How do health care providers diagnose neural tube defects?

Neural tube defects are usually diagnosed before the infant is born, through laboratory or imaging tests.

Prenatal laboratory tests include:

  • “Triple screen” blood test: One part of the triple screen blood test is a test for an elevated level of alpha-fetoprotein (AFP), which is associated with a higher risk of neural tube defects. The AFP test also can be done by itself. The two other parts of the “triple screen” involve testing for human chorionic gonadotropin (hCG) and estriol. This test generally is done during the second trimester.1
  • Amniotic fluid tests: Testing of amniotic fluid may also show a high level of AFP, as well as high levels of acetylcholinesterase; health care providers might conduct this test to confirm high levels of AFP seen in the triple screen blood test. The amniotic fluid also can be tested for chromosomal abnormalities, which might be the cause of the abnormal AFP level.2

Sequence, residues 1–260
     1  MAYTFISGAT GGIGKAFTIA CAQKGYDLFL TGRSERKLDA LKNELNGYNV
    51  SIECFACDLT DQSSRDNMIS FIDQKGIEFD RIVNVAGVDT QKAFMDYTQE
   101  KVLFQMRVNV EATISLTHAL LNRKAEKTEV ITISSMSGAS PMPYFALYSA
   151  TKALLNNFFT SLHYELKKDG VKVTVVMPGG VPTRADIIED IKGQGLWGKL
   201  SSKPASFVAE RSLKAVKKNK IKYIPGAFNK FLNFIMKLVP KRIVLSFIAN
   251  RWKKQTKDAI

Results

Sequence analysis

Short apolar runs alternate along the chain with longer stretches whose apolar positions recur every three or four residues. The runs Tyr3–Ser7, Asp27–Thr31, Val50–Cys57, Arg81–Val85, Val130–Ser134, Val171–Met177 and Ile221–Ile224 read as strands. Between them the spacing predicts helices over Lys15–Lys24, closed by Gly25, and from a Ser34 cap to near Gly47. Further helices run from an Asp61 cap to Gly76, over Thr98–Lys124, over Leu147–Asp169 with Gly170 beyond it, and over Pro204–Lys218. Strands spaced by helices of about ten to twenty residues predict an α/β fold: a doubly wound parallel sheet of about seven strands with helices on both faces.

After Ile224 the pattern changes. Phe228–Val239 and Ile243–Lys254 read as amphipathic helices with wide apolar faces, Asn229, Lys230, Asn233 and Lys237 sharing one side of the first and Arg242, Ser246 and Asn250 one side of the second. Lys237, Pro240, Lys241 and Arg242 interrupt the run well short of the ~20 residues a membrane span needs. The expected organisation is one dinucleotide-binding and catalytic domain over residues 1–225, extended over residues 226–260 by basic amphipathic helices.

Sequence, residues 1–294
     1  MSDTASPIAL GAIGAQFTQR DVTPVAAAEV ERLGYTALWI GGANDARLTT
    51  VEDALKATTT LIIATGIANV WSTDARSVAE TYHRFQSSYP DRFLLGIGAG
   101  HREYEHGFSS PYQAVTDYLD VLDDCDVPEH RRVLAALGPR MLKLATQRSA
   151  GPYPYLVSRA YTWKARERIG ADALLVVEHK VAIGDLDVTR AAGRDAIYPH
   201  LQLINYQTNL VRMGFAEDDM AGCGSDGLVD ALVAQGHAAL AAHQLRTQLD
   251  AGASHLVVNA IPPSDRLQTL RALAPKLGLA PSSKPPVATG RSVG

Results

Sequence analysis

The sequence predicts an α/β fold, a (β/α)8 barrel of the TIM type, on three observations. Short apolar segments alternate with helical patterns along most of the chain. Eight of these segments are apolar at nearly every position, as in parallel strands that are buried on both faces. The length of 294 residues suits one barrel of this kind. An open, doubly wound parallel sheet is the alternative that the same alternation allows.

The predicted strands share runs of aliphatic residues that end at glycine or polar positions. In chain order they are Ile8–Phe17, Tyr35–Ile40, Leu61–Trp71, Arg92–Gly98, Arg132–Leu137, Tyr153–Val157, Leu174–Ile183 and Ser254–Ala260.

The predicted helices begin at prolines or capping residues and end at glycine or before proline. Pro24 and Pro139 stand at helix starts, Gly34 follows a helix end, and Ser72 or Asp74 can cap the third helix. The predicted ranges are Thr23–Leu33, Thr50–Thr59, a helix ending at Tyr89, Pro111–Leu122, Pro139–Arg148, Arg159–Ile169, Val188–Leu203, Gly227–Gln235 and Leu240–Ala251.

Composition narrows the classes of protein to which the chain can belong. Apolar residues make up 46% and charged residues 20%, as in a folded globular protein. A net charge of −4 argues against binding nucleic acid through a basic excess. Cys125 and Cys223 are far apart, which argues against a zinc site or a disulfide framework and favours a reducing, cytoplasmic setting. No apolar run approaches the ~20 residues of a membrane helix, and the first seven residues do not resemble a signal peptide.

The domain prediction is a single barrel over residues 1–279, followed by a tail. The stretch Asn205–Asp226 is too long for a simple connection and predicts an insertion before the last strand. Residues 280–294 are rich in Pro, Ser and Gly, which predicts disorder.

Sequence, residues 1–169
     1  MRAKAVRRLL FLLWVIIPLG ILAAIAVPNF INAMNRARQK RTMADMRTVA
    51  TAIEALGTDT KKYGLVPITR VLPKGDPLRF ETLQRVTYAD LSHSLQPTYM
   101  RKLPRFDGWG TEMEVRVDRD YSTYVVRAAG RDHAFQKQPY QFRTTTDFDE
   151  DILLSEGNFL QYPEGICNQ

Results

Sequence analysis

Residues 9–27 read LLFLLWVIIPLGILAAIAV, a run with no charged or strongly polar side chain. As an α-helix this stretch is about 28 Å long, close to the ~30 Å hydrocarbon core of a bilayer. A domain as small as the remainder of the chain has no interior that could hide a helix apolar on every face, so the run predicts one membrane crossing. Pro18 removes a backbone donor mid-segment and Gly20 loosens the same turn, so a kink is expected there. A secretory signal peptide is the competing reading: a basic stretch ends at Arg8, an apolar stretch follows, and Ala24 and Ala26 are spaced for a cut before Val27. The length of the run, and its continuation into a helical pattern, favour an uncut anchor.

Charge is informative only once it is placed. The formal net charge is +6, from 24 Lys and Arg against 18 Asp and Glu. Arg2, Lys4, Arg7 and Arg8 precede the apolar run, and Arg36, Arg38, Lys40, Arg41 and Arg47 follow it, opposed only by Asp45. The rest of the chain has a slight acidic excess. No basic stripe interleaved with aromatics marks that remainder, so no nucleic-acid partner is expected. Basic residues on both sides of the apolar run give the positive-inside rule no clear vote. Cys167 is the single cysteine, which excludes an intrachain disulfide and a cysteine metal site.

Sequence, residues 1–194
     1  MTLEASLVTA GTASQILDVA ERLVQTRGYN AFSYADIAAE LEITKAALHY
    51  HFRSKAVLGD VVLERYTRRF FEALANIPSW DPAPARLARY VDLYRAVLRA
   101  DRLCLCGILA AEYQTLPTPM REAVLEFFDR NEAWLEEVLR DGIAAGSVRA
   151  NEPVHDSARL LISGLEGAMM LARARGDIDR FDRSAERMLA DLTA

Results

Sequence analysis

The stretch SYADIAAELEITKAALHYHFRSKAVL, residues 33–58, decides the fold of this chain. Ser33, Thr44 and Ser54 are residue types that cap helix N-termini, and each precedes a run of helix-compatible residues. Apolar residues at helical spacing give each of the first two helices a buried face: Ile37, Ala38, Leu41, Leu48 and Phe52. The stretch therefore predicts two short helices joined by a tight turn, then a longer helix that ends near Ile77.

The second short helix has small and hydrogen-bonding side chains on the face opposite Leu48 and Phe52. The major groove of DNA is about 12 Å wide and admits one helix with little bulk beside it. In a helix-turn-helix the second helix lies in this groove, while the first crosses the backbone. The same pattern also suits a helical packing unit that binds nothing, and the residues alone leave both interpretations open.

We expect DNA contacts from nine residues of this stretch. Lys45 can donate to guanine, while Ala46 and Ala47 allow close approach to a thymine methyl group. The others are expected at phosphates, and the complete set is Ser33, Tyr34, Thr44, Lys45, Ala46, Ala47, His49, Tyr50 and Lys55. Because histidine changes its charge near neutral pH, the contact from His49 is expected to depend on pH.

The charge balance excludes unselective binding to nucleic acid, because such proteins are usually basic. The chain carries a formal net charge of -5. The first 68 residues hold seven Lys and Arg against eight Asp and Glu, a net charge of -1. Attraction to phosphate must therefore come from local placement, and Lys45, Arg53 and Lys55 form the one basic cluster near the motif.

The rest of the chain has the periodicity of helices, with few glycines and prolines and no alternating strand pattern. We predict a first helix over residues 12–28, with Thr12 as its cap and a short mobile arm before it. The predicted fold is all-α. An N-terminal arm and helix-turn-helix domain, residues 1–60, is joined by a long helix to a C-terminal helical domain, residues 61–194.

Prenatal ultrasound imaging usually detects almost all types of neural tube defects.2

When an infant with a diagnosed or suspected neural tube defect is born, the health care provider will perform tests to assess its severity and complications. These tests might include X-ray, magnetic resonance imaging, computed tomography scan to look for spinal defects or excess fluid, and measuring the head circumference; assessing the infant’s vigor, motor, and sensory functioning; and observing the infant’s urinary stream.2

In some people who have milder spina bifida, the condition may not be diagnosed until later in childhood or in adulthood.2

  1. Lab Tests Online. (2012). Triple screen or quad screen. Retrieved July 24, 2012, from External Web Site Policy
  2. Centers for Disease Control and Prevention. (2011). Spina bifida: facts. Accessed July 23, 2012, from

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